We're taught to stand when any of the Church's leading men enter and leave the room. We provide them with nice cars, nice clothes, first class travel, and bodyguards. We praise and glorify them. We fawn over them, and weep at the opportunity to shake their hands. We leap to their defense should anyone suggest any of this is inappropriate. We consider everything they say as the Voice of God itself, simply by virtue of them having said it. We treat them like kings. The stake president tells us this is justified because "they work really hard" ... but I just don't see how that's relevant.
Anyway, I thought this leap of illogic was limited to our stake president, a man universally regarded as good-hearted and very kind, but one who perhaps didn't always follow strictly logical progression in his thoughts. But yesterday I watched some of this video of Michael Otterson, managing director of the Church's public affairs department, speaking at the recent FAIR Mormon conference, and I was a bit surprised to see him make the same argument. He told of people who would ask him why modern Church officials fly first class, when Christ rode a donkey, and says he responded that Church leaders would be the first to adopt the trans-Atlantic donkey, as soon as it was invented. This artful dodge he followed with his version of the stake president's argument, telling his hearers that Church leaders work really hard.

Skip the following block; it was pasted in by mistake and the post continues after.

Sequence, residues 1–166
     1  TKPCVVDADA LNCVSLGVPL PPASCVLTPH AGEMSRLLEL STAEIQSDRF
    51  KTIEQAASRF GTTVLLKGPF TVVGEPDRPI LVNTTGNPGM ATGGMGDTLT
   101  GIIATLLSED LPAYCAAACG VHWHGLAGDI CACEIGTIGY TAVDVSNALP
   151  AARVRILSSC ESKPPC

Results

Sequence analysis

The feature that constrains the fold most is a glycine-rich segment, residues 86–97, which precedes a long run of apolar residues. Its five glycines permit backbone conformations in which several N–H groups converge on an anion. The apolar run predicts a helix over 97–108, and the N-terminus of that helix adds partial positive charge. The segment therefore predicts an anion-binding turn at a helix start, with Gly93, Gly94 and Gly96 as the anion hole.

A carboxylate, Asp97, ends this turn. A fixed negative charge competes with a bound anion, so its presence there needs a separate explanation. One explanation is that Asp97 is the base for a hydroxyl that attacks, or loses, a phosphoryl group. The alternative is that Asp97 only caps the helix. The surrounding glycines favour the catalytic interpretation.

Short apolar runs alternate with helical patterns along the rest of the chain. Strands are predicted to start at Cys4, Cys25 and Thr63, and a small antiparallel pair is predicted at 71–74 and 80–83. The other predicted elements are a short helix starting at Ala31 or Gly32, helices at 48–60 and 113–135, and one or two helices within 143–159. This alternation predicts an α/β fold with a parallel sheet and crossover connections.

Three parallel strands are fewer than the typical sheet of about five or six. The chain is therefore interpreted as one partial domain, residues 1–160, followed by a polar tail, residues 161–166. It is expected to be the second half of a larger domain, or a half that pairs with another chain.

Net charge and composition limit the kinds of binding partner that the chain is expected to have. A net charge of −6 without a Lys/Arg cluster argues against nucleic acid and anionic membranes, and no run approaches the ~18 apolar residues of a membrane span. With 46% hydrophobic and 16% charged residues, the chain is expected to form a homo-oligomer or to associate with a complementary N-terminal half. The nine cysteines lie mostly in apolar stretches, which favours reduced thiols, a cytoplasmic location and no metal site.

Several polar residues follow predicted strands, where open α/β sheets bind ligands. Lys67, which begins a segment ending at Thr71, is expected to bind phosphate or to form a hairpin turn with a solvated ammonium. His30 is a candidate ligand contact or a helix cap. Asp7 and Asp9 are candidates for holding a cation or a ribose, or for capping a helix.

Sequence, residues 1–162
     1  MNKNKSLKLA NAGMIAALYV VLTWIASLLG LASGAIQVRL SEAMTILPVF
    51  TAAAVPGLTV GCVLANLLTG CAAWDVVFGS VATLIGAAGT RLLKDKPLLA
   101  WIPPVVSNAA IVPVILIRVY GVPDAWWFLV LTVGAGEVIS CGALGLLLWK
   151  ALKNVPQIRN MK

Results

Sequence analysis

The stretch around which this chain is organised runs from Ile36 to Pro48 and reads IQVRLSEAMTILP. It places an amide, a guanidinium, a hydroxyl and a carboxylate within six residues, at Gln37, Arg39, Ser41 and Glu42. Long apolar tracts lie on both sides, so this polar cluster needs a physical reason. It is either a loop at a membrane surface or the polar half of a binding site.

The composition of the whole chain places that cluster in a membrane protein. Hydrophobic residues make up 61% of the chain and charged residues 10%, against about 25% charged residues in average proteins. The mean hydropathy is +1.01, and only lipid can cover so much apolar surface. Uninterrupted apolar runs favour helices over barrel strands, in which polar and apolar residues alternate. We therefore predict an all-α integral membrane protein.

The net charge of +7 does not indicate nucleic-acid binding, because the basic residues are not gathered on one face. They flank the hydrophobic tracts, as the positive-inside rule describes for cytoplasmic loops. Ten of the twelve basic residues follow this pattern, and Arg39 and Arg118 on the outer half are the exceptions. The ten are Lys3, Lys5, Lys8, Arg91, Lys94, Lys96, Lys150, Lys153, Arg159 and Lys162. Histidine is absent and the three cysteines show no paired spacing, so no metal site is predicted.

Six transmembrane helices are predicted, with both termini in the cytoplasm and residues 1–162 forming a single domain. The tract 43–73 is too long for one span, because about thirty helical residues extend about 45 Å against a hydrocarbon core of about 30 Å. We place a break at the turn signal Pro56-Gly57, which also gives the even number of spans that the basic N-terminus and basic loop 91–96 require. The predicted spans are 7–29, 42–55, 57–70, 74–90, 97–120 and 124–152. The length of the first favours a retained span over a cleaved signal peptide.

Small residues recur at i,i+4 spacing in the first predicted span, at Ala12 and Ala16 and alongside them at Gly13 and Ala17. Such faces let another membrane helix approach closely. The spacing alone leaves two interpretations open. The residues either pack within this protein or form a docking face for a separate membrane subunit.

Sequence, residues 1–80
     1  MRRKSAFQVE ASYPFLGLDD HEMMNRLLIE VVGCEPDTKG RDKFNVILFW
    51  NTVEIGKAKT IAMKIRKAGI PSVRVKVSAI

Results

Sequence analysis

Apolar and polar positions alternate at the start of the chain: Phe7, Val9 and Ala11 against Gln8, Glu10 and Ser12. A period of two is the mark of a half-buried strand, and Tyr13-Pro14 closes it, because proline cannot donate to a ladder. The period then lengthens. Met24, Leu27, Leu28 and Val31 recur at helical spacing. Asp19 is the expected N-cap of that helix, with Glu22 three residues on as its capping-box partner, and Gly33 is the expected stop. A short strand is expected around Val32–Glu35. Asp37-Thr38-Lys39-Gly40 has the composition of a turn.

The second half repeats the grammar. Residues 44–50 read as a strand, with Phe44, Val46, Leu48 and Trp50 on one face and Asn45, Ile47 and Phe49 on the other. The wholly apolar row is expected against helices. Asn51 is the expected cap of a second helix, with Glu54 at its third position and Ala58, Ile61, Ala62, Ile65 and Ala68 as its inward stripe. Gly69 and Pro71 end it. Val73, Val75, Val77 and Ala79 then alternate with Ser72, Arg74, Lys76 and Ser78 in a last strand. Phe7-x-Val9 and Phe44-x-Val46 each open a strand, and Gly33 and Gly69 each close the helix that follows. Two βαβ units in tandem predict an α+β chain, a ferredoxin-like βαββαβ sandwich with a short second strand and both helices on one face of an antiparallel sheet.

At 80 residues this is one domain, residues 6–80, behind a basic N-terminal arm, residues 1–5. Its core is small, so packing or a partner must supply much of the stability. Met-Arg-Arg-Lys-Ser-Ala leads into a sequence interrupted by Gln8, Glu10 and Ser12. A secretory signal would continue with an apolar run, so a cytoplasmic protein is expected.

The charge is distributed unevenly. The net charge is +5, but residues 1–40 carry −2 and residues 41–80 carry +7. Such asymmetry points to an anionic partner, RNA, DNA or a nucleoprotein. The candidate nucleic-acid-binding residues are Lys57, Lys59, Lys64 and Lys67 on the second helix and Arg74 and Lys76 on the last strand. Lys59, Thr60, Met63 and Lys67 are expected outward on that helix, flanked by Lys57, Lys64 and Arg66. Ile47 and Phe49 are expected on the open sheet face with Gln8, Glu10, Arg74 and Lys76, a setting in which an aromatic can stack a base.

You know who else worked really hard? King Benjamin. Claiming before his entire kingdom that he had worked "to serve [his people] with all the might, mind and strength which the Lord hath granted unto [him]," he said, "I, myself, have labored with mine own hands that I might serve you, and that ye should not be laden with taxes, and that there should nothing come upon you which was grievous to be borne." (Mosiah 2:11,, 14) And the people didn't protest at his claims, suggesting the king wasn't too far from the truth. So he was a king, worked in behalf of his people with all his "might, mind, and strength," and still he labored for his own support, so as not to burden the commoners. I wonder if he'd have accepted a first class trans-Atlantic donkey ticket if someone had had one to offer.